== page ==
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5 Tips to Reduce Hand Injuries in Food Manufacturing

by Tony Geng on July 8, 2014

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The food manufacturing industry has some of the highest risk of hand injury and amputation. A Bureau of Labor Statistics study in 2012 showed that injuries in the food industry resulted in some of the longest periods of time away from work. The major goal of every company in the food industry should be to provide solutions to employees that reduce hand injuries — recordable and non-recordable.

Here are some tips to reduce hand injuries in food manufacturing.

 

1. Use the Right Glove for the Job:

Creating safe procedures that reduce the risk to workers should always be the first course of action. Part of that means choosing the right glove for the job.

There isn’t a single glove for every job — that would be too easy. The steps you should take when selecting a glove for the food industry is:

  1. Look for a glove that is CFIA (Canadian) or FDA (American) approved for safe food handling.
  2. Consider the hazards: Is there a risk of cut, puncture, wet conditions?
  3. If so, what level. Using a butcher knife and changing the blade on a deli slicer require different levels of cut resistance.
  4. Will they need to be washed? If so, choose something made with Dyneema® or TenActiv™ which can be used with bleach. Do not bleach Kevlar®, it will turn into soup.

Superior Glove disposable glove food prep

 

2. Determine the problems in your own plant:

According to the National Safety Council, the average hand injury claim exceeds $6,000 and with close to one million workers being sent to the emergency room each year, they are a common and expensive occurrence.

To identify the risks in your own plant:

  1. Look for patterns or trends of hand injuries within the company: A trend analysis should be performed based on a combination of leading and lagging performance indicators.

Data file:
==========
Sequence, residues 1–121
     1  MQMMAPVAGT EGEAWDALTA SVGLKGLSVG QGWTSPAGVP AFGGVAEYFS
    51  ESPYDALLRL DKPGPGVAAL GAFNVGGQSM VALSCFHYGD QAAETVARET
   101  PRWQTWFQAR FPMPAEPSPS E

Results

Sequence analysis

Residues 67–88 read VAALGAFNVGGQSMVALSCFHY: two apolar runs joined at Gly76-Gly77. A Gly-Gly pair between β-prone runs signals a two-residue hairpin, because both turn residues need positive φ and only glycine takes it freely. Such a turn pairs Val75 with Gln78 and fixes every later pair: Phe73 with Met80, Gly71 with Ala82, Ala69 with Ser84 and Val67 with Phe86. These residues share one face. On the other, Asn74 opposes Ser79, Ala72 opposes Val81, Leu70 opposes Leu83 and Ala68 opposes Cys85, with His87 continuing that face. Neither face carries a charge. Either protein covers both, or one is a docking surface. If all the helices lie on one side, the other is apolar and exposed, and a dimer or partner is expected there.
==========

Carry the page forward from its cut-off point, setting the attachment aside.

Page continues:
2. Analyzing these trends can enable facility management to understand and learn the types of hand injuries that employees experience and the behaviors and tasks that lead to injuries.
  3. With the results of the trend analysis, you should be able to identify potential sources of hazards.
  4. Take a systemic approach to a hand hazard assessment to ensure that each possible risk and hazard is being measured, monitored and mitigated.
  5. Focus on the work environment and include the workers, tasks, tools and environment to determine the risk.
  6. Audit should be conducted on a periodic basis to determine the effectiveness of current strategies, policies and PPE.

If you need help with this type of assessment, or simply don’t know where to start, you can always solicit some help. Superior Glove offers a Superior Advantage Program (which is free) to help you through this process.

hand advocate program. Glove Audit
hand advocate program. Glove Audit

3. Improve Safety Culture:

A great way to reduce risky behavior is addressing your workplace safety culture. Understanding how your company views safety can help you determine how employees feel about safety concerns. It also gives the employees accountability to identify hazards before an accident occurs.

The success of a company for preventing hand injuries is largely reliant on the management’s commitment to safety. Commitment to safety from management can trickle down into workers, which in turn can create a healthy and safe work environment. Give workers chances for open dialogue and collaboration opportunities for the best results.

4. Improve Ergonomics:

One of the most common hand injuries is carpal tunnel syndrome which is an injury often caused by overexertion and improper positioning of the hand. The injury is characterized by swelling and entrapment of the median nerve in the wrist. A BLS study showed that repetitive injuries, such as carpal tunnel syndrome, resulted in the longest absences from work.